Autori: Dragos V Nica, Marian Bura, Iosif Gergen, Monica Harmanescu and Despina-Maria Bordean
Editorial: Chemistry Central Journal , 6:55, 2012.
Copper (Cu), zinc (Zn), cadmium (Cd), and lead (Pb) can pose serious threats to
environmental health because they tend to bioaccumulate in terrestrial ecosystems. We
investigated under field conditions the transfer of these heavy metals in a soil-plant-snail food
chain in Banat area, Romania. The main goal of this paper was to assess the Roman snail
(Helix pomatia) usefulness in environmental monitoring as bioindicator of heavy metal
accumulation. Eight sampling sites, selected by different history of heavy metal (HM)
exposure, were chosen to be sampled for soil, nettle leaves, and newly matured snails. This
study also aimed to identify the putative effects of HM accumulation in the environment on
phenotypic variability in selected shell features, which included shell height (SH), relative
shell height (RSH), and whorl number (WN).Results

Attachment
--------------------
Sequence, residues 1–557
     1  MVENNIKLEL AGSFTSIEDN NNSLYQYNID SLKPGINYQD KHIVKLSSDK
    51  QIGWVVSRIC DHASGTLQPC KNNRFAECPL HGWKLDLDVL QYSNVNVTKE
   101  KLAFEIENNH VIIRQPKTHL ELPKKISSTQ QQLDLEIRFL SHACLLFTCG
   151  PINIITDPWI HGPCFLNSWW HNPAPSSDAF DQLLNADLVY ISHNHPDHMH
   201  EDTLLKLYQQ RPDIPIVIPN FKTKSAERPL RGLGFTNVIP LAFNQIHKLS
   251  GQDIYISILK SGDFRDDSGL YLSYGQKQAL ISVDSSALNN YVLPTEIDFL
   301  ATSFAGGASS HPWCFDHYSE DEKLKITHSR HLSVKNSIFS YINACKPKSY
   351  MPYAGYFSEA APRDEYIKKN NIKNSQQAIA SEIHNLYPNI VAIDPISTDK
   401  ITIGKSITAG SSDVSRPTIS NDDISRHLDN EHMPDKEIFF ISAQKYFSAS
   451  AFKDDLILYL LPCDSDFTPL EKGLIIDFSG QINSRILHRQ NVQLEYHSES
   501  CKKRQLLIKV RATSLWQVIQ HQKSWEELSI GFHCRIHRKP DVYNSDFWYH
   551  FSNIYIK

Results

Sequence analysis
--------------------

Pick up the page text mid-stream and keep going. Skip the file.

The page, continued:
Significantly higher amounts of HMs were accumulated in snail hepatopancreas and not in
foot. Cu, Zn, and Cd have biomagnified in the snail body, particularly in the hepatopancreas.
In contrast, Pb decreased when going up into the food chain. Zn, Cd, and Pb correlated highly
with each other at all levels of the investigated food chain. Zn and Pb exhibited an effective
soil–plant transfer, whereas in the snail body only foot Cu concentration was correlated with
that in soil. There were significant differences among sampling sites for WN, SH, and RSH
when compared with reference snails. WN was strongly correlated with Cd and Pb
concentrations in nettle leaves but not with Cu and Zn. SH was independent of HM
concentrations in soil, snail hepatopancreas, and foot. However, SH correlated negatively
with nettle leaves concentrations for each HM except Cu. In contrast, RSH correlated
significantly only with Pb concentration in hepatopancreas.
The snail hepatopancreas accumulates high amounts of HMs, and therefore, this organ can
function as a reliable biomarker for tracking HM bioavailability in soil. Long-term exposure
to HMs via contaminated food might influence the variability of shell traits in snail
populations. Therefore, our results highlight the Roman snail (Helix pomatia) potential to be
used in environmental monitoring studies as bioindicator of HM pollution.
Cuvinte cheie: heavy metals, snail, food chain, risk assessment